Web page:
Why do Your Final Accounts Become Disputes?

My consultancy practice was asked to advise on a dispute of some US$250M. This sum included variations, prolongation costs, acceleration costs, disruption costs, and delay penalties. The dispute emerged when the Contractor submitted his final account, which reminded me of the fact that a large proportion of disputes occur when the project is either nearing completion or when it has been completed. Here is my list of reasons why this is the case. As usual, I have adopted the FIDIC definitions for the participants in the contract, but this advice applies to all forms of contract. Contractors do not submit notices of claim and/or early warnings, thus preventing the Employer or Engineer from taking mitigating action or from making financial provisions. Contractors do not give notice when they consider that an instruction constitutes a variation that gives entitlement to additional payment, thus preventing the Employer or Engineer from reversing the instruction or making financial…

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FIDIC 2017 Editions and Claims

While you may have not had the opportunity to examine the 2017 editions of the FIDIC contracts, because you have not yet come across any projects that are using them, this situation will gradually change. Before too long, we will need to know what has changed and how it has changed. Therefore, I thought that it would be worthwhile to highlight the changes from a claims point of view. Sub-Clause 2.5 (Employer’s Claims) has been deleted in the 2017 editions and Employer’s claims are now dealt with together with Contractor’s claims under Sub-Clauses 20.1 (Claims) and 20.2 (Claims For Payment and/or EOT). The Employer is now obliged to give notice of claim no later than 28 days after the event or circumstances giving rise to the claim. This has now become a condition precedent to entitlement for both Parties. If the Engineer considers that a notice of claim was not given within the stipulated 28 days, he/she is obliged to give a notice of such within 14 days of receipt of the notice of…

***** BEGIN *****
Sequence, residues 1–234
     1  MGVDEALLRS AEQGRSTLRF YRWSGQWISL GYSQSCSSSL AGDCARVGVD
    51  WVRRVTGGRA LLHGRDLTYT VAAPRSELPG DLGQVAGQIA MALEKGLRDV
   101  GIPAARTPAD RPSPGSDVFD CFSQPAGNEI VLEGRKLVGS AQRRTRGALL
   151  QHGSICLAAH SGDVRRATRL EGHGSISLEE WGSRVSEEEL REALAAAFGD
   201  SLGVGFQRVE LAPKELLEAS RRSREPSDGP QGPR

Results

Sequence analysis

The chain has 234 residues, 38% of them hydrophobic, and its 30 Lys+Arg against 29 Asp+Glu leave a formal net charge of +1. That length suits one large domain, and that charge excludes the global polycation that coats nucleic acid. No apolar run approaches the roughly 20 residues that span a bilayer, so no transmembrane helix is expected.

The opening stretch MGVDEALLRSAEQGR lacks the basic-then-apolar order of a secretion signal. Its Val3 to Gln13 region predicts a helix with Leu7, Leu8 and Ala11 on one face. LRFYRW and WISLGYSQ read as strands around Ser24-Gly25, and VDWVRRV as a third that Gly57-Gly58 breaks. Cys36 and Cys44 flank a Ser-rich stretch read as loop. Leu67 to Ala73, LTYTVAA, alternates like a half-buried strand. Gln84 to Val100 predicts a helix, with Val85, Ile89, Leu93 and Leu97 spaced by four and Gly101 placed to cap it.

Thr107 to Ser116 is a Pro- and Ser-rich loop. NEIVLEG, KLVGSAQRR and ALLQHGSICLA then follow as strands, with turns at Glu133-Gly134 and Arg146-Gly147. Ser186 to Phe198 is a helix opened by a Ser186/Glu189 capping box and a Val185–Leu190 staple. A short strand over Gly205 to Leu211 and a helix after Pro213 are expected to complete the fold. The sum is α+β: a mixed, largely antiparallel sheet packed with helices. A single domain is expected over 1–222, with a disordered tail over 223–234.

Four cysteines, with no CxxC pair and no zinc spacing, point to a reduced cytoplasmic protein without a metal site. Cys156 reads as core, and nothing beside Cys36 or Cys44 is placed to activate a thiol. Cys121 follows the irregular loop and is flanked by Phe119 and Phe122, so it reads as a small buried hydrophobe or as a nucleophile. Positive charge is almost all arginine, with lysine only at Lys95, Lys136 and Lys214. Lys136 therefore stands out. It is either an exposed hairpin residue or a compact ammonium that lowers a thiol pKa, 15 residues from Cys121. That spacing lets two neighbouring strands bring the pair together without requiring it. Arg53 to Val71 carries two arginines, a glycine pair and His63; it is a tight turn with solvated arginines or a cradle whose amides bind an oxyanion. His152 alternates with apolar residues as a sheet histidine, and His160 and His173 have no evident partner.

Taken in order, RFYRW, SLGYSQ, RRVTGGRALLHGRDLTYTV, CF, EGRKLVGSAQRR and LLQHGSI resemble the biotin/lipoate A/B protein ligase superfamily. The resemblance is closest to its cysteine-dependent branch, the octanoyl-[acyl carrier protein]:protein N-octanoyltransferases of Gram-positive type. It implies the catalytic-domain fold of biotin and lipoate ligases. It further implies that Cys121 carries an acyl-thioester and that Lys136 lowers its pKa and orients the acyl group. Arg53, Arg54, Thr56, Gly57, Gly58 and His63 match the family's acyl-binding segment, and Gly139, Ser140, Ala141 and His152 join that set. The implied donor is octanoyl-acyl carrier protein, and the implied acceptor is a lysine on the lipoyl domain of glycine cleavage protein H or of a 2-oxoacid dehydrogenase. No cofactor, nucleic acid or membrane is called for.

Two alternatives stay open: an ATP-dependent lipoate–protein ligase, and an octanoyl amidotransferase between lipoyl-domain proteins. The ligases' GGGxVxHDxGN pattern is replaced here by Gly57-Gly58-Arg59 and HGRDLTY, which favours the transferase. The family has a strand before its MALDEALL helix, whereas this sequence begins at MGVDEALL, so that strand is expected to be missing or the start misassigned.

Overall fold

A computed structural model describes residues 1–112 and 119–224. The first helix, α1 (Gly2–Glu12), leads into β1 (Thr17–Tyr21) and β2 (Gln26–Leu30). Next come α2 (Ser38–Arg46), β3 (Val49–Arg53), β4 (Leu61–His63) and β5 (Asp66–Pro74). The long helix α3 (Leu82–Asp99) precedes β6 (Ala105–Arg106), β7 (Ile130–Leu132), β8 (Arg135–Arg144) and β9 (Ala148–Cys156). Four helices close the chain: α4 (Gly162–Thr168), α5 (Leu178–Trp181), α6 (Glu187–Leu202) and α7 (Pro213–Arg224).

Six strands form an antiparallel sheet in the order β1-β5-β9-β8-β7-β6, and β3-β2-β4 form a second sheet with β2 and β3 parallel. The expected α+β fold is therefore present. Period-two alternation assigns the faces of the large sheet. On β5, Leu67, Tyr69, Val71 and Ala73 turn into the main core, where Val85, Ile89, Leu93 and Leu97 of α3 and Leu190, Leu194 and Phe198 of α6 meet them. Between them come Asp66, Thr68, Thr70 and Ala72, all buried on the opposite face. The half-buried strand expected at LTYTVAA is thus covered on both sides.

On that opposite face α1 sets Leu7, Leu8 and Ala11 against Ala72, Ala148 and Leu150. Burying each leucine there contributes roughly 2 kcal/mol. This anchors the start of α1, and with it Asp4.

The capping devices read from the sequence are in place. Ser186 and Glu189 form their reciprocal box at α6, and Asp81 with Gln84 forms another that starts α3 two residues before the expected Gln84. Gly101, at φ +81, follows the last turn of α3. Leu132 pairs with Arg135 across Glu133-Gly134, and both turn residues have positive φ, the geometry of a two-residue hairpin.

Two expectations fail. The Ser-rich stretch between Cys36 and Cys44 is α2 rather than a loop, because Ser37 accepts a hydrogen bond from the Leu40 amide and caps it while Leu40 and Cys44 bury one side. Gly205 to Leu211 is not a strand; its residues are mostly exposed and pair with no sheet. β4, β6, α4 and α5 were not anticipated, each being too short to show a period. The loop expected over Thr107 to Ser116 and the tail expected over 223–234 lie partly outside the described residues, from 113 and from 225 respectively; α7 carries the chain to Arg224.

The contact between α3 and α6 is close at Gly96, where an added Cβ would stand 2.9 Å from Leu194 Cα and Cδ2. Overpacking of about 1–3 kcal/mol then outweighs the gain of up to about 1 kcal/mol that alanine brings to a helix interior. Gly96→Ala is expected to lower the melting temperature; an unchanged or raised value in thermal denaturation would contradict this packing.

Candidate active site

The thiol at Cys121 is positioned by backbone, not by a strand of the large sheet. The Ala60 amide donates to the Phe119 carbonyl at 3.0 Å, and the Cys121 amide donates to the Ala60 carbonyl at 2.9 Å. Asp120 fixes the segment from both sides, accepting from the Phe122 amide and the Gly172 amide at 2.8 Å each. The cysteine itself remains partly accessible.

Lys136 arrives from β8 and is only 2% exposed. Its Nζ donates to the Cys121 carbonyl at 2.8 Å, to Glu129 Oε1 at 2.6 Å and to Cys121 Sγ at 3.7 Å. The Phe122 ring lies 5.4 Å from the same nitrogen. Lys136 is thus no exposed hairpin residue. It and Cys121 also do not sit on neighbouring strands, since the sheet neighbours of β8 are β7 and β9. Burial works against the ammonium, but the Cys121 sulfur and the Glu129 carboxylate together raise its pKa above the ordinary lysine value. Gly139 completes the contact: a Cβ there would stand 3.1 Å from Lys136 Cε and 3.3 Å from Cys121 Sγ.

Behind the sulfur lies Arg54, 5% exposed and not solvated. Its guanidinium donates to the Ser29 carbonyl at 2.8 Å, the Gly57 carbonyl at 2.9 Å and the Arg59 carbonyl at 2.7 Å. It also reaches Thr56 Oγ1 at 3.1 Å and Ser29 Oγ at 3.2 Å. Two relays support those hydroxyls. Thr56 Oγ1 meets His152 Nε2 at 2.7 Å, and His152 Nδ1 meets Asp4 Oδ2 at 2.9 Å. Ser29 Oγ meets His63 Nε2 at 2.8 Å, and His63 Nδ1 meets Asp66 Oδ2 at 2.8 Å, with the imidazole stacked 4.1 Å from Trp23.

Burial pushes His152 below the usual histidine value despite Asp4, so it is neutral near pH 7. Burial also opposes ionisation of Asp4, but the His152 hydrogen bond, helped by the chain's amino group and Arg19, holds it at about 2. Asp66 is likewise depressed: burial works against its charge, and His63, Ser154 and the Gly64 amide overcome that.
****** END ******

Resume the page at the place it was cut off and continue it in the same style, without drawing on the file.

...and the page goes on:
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A Case Against Abbreviations and Acronyms

I have one simple piece of advice about using abbreviations and acronyms in claims, responses, contractual letters, reports, or in fact, any important communications on your project: Don't use them. At all. Ever! Let’s consider a real-life example of why this is so important. In my work as a consultant, I was recently appointed to prepare claims on behalf of the Contractor for an Extension of Time and additional payment on a large project. I began with an examination of the project records for evidence of what happened and to select certain documents to include in the claims as substantiation of the facts. I quickly realised I had a problem - the letters, meeting minutes, progress reports, etc. were difficult to understand, largely because they contained a number of abbreviations and acronyms. It was as if the documents were written in code. Responses to our requests for information from the Contractor were confusing for the same reason. Maybe the Contractor was encouraged to do this…

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How to Administer the Contractor’s Programme

One of our blog followers asked for some advice on the administration of the Contractor’s programme. The questions raised relate to fairly frequently occurring situations, so this subject is definitely worthy of a blog post. I have reproduced the queries below and I will refer to the FIDIC forms of contract and terminology when providing my advice. Requested Advice: A summary of general principles which would avoid the Contractor submitting erroneous programme updates, for example, don’t be bullied by the Engineer into submitting a programme based on the original completion dates and which therefore absorbs the impacts of delay events (thus losing entitlement). So, let’s be clear what a programme update actually is. First, we must establish the Contractor’s programme, which is often referred to as the baseline programme. This programme should be the Contractor’s best estimate of the sequence and timing of how he intends to carry out the Works and should be based on the Contract at…

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Top 10 Tips for Effective Letter Writing

One of the things that I notice upon reviewing the records to prepare a claim, reviewing claims on behalf of the respondent, or reviewing the particulars put forward in a dispute, is the poor standard of letter writing. This ranges from “could have been better” right through to “I have no idea what this letter means”. If your letters fall into this category, you are not doing yourself or your company any favours and you could be doing considerable harm. This blog, therefore, contains my Top 10 Tips for effective letter writing. You are not writing the letter for your opposite number on the project. You are writing it as an accurate record to be relied upon in case a claim or dispute arises in the future. The letter must, therefore, be fully understood by someone who has no prior knowledge of the project or the matters in question. The letter should be a stand-alone document. In other words, a reader with no prior knowledge should be able to understand it without reference to any…

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